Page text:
The return value of the `deletemax`

method is the subtree of
the current node with the maximum-valued node in the subtree removed.
Similar to the `inserthelp`

method, each node on the path back to
the root has its right child pointer reassigned to the subtree
resulting from its call to the `deletemax`

method.

A useful companion method is `getmax`

which returns a
pointer to the node containing the maximum value in the subtree.

```
// Get the maximum valued element in a subtree
private BSTNode getmax(BSTNode rt) {
if (rt.right() == null) return rt;
return getmax(rt.right());
}
```

```
// Get the maximum valued element in a subtree
private BSTNode<E> getmax(BSTNode<E> rt) {
if (rt.right() == null) return rt;
return getmax(rt.right());
}
```

Now we are ready for the `removehelp`

method.
Removing a node with given key value \(R\) from the BST
requires that we first find \(R\) and then remove it from the
tree.
So, the first part of the remove operation is a search to find
\(R\).
Once \(R\) is found, there are several possibilities.
If \(R\) has no children, then \(R\)'s parent has its
pointer set to NULL.
If \(R\) has one child, then \(R\)'s parent has
its pointer set to \(R\)'s child (similar to `deletemax`

).
The problem comes if \(R\) has two children.
One simple approach, though expensive, is to set \(R\)'s parent to
point to one of \(R\)'s subtrees, and then reinsert the remaining
subtree's nodes one at a time.
A better alternative is to find a value in one of the
subtrees that can replace the value in \(R\).

Thus, the question becomes: Which value can substitute for the one being removed? It cannot be any arbitrary value, because we must preserve the BST property without making major changes to the structure of the tree. Which value is most like the one being removed? The answer is the least key value greater than the one being removed, or else the greatest key value less than (or equal to) the one being removed. If either of these values replace the one being removed, then the BST property is maintained.

When duplicate node values do not appear in the tree, it makes no
difference whether the replacement is the greatest value from the
left subtree or the least value from the right subtree.
If duplicates are stored in the left subtree, then we must select
the replacement from the *left* subtree. [1]
To see why, call the least value in the right subtree \(L\).
If multiple nodes in the right subtree have value \(L\),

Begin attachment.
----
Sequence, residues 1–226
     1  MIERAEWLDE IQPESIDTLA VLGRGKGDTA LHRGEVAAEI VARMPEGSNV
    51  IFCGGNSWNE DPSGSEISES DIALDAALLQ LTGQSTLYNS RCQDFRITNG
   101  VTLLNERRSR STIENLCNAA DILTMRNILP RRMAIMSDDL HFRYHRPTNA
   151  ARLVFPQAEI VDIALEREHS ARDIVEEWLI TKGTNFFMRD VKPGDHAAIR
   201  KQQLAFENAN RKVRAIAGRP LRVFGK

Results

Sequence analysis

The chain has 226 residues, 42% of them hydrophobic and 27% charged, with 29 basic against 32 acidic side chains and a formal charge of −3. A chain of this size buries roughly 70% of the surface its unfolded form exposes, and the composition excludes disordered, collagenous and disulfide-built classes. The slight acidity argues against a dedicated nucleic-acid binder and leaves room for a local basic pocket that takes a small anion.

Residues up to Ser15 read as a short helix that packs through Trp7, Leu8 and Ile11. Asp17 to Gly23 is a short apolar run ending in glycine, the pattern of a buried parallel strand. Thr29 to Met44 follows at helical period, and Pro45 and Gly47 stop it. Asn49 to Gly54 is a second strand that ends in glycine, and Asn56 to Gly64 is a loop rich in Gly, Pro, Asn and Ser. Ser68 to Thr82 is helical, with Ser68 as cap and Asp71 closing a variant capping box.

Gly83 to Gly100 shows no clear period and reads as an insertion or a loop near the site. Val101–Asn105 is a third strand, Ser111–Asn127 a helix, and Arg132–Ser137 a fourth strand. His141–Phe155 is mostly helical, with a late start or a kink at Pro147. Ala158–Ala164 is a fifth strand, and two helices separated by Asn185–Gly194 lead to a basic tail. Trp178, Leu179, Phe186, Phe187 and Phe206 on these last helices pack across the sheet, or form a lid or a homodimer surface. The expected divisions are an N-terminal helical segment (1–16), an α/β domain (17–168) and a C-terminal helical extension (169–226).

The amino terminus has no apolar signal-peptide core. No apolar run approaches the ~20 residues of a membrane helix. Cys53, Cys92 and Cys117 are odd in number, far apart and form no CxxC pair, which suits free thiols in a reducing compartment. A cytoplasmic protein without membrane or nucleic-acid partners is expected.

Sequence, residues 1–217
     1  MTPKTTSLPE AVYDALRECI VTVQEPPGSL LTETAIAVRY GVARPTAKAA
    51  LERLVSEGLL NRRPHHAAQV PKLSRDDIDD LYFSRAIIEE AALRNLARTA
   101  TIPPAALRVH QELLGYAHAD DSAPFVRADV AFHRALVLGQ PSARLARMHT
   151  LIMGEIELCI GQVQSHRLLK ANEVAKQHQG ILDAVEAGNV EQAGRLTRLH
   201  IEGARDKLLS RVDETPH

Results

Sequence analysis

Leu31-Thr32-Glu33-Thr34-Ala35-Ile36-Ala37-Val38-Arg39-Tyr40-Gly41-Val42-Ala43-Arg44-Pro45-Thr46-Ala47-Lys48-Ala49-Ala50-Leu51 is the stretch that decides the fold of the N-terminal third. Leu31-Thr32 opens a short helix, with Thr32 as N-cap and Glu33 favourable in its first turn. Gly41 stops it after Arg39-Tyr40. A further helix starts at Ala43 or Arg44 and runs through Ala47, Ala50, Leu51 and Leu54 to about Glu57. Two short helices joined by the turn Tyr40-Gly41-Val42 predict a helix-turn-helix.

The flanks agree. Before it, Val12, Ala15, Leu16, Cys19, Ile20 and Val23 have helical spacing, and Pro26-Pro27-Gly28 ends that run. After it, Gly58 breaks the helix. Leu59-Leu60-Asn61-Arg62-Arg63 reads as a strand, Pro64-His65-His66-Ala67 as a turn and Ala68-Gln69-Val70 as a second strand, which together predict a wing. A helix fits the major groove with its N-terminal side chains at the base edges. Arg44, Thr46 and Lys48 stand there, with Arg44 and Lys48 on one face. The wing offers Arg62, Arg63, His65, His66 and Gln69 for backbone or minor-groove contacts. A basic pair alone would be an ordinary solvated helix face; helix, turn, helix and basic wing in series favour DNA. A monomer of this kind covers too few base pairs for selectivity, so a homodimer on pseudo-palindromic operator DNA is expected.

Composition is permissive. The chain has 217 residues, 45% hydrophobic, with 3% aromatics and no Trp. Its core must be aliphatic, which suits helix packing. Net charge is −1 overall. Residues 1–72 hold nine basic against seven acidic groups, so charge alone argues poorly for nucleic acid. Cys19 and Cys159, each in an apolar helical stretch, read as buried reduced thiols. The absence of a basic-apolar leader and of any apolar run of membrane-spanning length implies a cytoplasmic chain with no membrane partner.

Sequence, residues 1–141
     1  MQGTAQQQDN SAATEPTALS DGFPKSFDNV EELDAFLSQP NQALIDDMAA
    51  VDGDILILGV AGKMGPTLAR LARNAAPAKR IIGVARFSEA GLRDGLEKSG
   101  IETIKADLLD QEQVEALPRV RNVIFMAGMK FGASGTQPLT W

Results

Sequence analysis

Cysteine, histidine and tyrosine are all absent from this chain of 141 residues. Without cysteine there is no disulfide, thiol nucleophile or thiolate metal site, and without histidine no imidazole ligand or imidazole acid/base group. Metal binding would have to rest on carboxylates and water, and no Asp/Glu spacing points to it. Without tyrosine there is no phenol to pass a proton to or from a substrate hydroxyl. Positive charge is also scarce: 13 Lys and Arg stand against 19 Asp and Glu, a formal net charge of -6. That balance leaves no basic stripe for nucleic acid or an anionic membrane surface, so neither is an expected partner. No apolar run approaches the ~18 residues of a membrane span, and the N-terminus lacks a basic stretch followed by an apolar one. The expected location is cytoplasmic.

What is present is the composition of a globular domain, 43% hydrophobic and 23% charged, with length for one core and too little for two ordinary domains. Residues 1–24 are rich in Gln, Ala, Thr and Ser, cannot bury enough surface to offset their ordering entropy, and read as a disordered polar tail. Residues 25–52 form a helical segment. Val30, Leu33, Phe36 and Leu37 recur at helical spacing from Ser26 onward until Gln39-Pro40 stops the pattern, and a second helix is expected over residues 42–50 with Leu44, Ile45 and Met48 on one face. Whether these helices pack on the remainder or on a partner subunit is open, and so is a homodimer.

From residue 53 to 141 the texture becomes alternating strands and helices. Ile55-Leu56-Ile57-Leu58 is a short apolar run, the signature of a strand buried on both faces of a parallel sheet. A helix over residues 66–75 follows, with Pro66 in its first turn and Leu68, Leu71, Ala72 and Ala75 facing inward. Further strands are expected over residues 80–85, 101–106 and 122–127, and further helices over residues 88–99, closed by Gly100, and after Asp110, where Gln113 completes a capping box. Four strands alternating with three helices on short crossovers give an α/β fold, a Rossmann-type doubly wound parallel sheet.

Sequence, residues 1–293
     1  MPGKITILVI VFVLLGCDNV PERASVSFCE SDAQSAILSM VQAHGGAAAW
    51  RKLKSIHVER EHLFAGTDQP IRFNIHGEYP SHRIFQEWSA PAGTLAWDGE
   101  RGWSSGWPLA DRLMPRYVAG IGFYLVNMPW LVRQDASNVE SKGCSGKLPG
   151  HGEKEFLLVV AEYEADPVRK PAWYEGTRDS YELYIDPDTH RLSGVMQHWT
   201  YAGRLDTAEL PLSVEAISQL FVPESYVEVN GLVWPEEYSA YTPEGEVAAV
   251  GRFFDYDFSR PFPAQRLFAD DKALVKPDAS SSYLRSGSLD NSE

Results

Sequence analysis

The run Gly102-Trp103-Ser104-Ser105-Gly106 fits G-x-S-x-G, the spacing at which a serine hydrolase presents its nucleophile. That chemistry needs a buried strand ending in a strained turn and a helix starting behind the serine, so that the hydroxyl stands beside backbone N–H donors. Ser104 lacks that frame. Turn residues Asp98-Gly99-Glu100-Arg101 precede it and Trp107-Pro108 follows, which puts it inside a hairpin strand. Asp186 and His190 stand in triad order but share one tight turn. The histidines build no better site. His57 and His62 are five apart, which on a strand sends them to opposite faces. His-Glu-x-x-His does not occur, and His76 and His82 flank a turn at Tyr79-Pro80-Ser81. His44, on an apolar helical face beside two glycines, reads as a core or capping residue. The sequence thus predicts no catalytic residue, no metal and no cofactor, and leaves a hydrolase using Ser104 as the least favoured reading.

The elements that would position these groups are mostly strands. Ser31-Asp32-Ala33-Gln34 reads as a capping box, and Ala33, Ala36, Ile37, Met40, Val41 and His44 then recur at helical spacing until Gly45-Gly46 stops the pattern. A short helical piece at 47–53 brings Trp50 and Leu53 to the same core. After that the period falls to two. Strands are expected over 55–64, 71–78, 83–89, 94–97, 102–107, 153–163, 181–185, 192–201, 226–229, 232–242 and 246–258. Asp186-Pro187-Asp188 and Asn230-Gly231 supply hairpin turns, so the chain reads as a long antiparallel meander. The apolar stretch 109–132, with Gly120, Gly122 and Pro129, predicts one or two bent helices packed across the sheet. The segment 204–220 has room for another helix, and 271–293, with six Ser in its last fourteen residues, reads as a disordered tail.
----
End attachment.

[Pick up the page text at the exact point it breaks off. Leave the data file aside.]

selecting \(L\) as the replacement value for the root of the
subtree will result in a tree with equal values to the right of the
node now containing \(L\).
Selecting the greatest value from the left subtree does not
have a similar problem, because it does not violate the Binary Search
Tree Property if equal values appear in the left subtree.

[1] | Alternatively, if we prefer to store duplicate values in the right subtree, then we must replace a deleted node with the least value from its right subtree. |

## 12.11.4. BST Analysis¶

The cost for `findhelp`

and `inserthelp`

is the depth of
the node found or inserted.
The cost for `removehelp`

is the depth of the node being
removed, or in the case when this node has two children,
the depth of the node with smallest value in its right subtree.
Thus, in the worst case, the cost for any one of these operations is
the depth of the deepest node in the tree.
This is why it is desirable to keep BSTs
*balanced*, that is, with least possible
height.
If a binary tree is balanced, then the height for a tree of \(n\)
nodes is approximately \(\log n\).
However, if the tree is completely unbalanced, for example in the
shape of a linked list, then the height for a tree with \(n\)
nodes can be as great as \(n\).
Thus, a balanced BST will in the average case have operations costing
\(\Theta(\log n)\), while a badly unbalanced BST can have
operations in the worst case costing \(\Theta(n)\).
Consider the situation where we construct a BST of \(n\) nodes
by inserting records one at a time.
If we are fortunate to have them arrive in an order that results in a
balanced tree (a "random" order is likely to be good
enough for this purpose), then each insertion will cost on average
\(\Theta(\log n)\), for a total cost of
\(\Theta(n \log n)\).
However, if the records are inserted in order of increasing value,
then the resulting tree will be a chain of height \(n\).
The cost of insertion in this case will be
\(\sum_{i=1}^{n} i = \Theta(n^2)\).

Traversing a BST costs \(\Theta(n)\) regardless of the shape of the tree. Each node is visited exactly once, and each child pointer is followed exactly once.

Below is an example traversal, named `printhelp`

.
It performs an inorder traversal on the BST to print the node values
in ascending order.

```
private void printhelp(BSTNode rt) {
if (rt == null) return;
printhelp(rt.left());
printVisit(rt.value());
printhelp(rt.right());
}
```

```
private void printhelp(BSTNode<E> rt) {
if (rt == null) return;
printhelp(rt.left());
printVisit(rt.value());
printhelp(rt.right());
}
```

While the BST is simple to implement and efficient when the tree is
balanced, the possibility of its being unbalanced is a serious
liability.
There are techniques for organizing a BST to guarantee good performance.
Two examples are the
*AVL tree* and the
*splay tree*.
There also exist other types of search trees that are guaranteed to
remain balanced, such as the *2-3 Tree*.